March 8, 2021

Rich Tax Breaks Bolster Video Game Makers

It also provides tax breaks for a company whose hit video game this year was the gory Dead Space 2, which challenges players to advance through an apocalyptic battlefield by killing space zombies.

Those tax incentives — a collection of deductions, write-offs and credits mostly devised for other industries in other eras — now make video game production one of the most highly subsidized businesses in the United States, says Calvin H. Johnson, who has worked at the Treasury Department and is now a tax professor at the University of Texas at Austin.

Because video game makers straddle the lines between software development, the entertainment industry and online retailing, they can combine tax breaks in ways that companies like Netflix and Adobe cannot. Video game developers receive such a rich assortment of incentives that even oil companies have questioned why the government should subsidize such a mature and profitable industry whose main contribution is to create amusing and sometimes antisocial entertainment.

For example, Electronic Arts of Redwood City, Calif., shipped more than two million copies of Dead Space 2 in the game’s first week on the market this year. It shows a total of $1.2 billion in global profits the last five years using an accounting method that management says captures its operating profits.

But largely because of deferred revenue, deductions for executive stock options and a variety of accounting requirements, the company officially reports a net loss for the period. And the company reports that it paid out $98 million in cash for taxes worldwide in those years.

Neither corporations nor the government make tax returns public, and the information most companies disclose in their regulatory filings is insufficient to determine how much they pay in federal taxes and how that compares to the official United States corporate rate of 35 percent.

All told, the federal government gave $123 billion in tax incentives to corporations in 2010, according to the Joint Committee on Taxation, with breaks for groups and people as diverse as Nascar track owners, mohair producers, hedge fund managers, chicken farmers, automakers and oil companies.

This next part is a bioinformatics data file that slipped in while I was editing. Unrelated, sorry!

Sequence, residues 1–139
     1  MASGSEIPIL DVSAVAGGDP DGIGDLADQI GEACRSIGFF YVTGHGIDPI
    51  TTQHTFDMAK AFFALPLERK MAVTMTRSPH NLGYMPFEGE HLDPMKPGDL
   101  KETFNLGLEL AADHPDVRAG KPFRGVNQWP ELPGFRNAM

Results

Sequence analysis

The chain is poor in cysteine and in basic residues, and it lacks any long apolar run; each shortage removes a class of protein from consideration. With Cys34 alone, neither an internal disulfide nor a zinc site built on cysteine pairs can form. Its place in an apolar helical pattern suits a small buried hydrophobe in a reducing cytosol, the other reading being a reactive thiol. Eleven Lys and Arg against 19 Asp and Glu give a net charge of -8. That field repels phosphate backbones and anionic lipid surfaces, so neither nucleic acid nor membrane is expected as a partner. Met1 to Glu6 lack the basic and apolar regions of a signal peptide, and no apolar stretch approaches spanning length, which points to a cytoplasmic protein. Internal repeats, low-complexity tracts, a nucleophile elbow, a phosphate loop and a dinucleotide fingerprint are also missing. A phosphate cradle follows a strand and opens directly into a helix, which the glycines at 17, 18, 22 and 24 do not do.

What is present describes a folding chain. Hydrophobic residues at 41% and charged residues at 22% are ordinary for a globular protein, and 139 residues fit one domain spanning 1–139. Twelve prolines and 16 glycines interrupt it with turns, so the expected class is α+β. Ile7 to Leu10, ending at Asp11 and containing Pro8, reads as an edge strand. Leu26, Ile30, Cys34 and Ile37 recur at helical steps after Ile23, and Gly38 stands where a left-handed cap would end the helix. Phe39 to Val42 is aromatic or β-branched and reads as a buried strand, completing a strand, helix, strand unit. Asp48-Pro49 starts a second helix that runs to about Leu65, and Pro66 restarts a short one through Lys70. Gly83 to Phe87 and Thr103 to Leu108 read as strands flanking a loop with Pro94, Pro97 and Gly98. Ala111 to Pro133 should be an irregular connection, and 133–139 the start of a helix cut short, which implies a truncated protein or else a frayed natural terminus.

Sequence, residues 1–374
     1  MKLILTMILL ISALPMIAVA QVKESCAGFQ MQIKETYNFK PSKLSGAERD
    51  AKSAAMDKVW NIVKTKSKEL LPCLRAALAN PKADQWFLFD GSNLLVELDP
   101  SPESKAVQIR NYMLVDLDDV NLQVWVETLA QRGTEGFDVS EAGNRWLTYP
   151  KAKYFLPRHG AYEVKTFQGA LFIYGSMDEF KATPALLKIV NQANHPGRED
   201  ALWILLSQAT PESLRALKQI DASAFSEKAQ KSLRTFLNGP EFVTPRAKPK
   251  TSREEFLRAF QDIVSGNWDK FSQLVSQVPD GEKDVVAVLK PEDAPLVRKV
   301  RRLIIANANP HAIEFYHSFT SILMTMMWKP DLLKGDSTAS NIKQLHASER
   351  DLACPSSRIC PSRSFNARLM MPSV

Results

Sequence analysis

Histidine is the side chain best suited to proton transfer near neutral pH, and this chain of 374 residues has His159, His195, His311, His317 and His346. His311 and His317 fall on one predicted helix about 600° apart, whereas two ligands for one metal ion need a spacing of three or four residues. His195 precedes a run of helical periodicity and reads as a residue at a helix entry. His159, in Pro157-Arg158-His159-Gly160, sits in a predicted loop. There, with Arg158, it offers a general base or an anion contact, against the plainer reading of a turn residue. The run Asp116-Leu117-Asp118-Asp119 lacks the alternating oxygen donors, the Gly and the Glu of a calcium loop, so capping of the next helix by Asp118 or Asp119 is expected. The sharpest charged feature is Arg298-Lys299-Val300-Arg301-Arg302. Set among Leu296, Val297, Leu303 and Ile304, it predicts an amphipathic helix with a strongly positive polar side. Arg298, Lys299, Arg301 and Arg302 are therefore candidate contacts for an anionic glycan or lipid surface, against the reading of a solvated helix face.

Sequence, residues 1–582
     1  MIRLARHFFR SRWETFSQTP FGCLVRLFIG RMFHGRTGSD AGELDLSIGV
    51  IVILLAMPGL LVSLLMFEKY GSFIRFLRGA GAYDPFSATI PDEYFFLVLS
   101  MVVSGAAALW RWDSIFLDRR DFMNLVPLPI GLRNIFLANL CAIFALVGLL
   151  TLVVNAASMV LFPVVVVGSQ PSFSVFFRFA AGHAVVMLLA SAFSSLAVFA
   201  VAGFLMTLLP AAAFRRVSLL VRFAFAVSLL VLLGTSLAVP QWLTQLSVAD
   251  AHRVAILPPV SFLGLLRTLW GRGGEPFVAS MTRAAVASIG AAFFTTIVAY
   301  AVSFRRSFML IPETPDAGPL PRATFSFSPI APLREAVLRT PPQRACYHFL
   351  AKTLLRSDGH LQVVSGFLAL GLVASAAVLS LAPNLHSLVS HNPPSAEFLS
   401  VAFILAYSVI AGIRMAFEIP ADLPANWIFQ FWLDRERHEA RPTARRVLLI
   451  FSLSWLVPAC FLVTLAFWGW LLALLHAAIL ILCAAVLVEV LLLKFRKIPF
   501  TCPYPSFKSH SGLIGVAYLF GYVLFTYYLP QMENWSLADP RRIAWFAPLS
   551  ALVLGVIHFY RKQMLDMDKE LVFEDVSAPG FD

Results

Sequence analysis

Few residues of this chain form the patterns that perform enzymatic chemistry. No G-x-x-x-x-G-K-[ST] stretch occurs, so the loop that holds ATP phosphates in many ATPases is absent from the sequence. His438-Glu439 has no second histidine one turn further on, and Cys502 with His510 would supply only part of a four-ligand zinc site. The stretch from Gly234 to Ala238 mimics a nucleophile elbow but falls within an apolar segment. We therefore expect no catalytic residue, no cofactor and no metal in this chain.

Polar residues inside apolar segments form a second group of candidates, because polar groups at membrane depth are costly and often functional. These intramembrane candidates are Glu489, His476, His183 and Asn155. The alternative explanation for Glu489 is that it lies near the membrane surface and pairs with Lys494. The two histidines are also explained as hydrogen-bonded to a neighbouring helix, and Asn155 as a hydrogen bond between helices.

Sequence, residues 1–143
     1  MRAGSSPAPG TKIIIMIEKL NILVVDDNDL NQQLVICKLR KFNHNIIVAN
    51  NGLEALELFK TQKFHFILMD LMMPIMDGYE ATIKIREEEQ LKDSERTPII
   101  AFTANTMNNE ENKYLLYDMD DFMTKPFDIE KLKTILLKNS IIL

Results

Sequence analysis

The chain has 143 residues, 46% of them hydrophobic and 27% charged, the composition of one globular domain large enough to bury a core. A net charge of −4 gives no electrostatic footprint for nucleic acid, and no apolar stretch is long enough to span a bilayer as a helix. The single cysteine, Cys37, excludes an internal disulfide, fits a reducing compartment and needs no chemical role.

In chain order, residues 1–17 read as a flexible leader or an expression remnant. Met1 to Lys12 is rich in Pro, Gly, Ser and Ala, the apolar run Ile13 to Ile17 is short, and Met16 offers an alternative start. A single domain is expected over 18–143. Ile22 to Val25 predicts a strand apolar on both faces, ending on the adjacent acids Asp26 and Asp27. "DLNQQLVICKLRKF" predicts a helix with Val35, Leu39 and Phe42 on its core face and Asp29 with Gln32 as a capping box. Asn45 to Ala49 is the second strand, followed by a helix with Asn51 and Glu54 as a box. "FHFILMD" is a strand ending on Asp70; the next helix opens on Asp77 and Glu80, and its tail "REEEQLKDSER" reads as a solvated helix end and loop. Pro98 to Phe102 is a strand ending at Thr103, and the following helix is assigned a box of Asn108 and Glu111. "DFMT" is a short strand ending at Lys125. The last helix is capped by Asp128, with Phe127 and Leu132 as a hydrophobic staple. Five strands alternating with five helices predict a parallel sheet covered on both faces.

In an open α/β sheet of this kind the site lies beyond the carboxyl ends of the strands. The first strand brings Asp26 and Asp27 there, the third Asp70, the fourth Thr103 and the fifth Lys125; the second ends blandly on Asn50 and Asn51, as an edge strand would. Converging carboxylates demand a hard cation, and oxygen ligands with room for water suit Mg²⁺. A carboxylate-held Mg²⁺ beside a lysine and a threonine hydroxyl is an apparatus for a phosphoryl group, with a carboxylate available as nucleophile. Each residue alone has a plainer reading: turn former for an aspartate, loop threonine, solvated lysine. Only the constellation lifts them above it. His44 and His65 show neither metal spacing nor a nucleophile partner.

Many tax policy analysts say the breaks for the video game industry — whose domestic sales of $15 billion a year now exceed those of the music business — are a vivid example of a tax system that defies common sense. Most times, subsidies begin as a way to nurture a fledgling industry that will not be profitable for years or to encourage a business activity deemed to have a broad benefit to society, like reducing pollution or improving public health.

But it’s a lot easier to create a tax break than to eliminate it. That leaves a generous assortment of tax incentives available to all types of companies, like Electronic Arts, with skilled accounting departments.

Electronic Arts has also lobbied successfully for more tax assistance. The architect of the company’s strategies in recent years was Glen A. Kohl, a tax lawyer colorful enough to publicly compare himself to Bruce Springsteen and to joke in the pages of The Wall Street Journal that his dog, Rubin, shared the name of the Treasury secretary under whom he served (Robert E. Rubin).

After working in the Treasury Department during the Clinton administration, Mr. Kohl entered the private sector and became head of E.A.’s tax department in 2004, leading the company as it aggressively lobbied for a federal tax break on domestic production and set up a matrix of offshore subsidiaries, many in low-tax countries.

As a result, the company with the defiant sales slogan, “Your Mom Hates Dead Space 2,” in effect gets financial help from moms and other United States taxpayers to reduce its federal tax bill.

Company officials say they have no qualms about taking all the tax breaks legally available to them. To do otherwise would be like a consumer “insisting on paying full price during a store sale,” wrote Jeff Brown, a company spokesman. Even E.A.’s competitors acknowledge that the company’s tax strategies aren’t particularly aggressive compared to others in the industry.

Furthermore, Electronic Arts officials say that in recent years the company has paid a substantial portion of its profits in taxes, but declined to discuss details of its financial reports.

Article source: http://feeds.nytimes.com/click.phdo?i=346245e6bd0da039e12c8de0790232a8

Speak Your Mind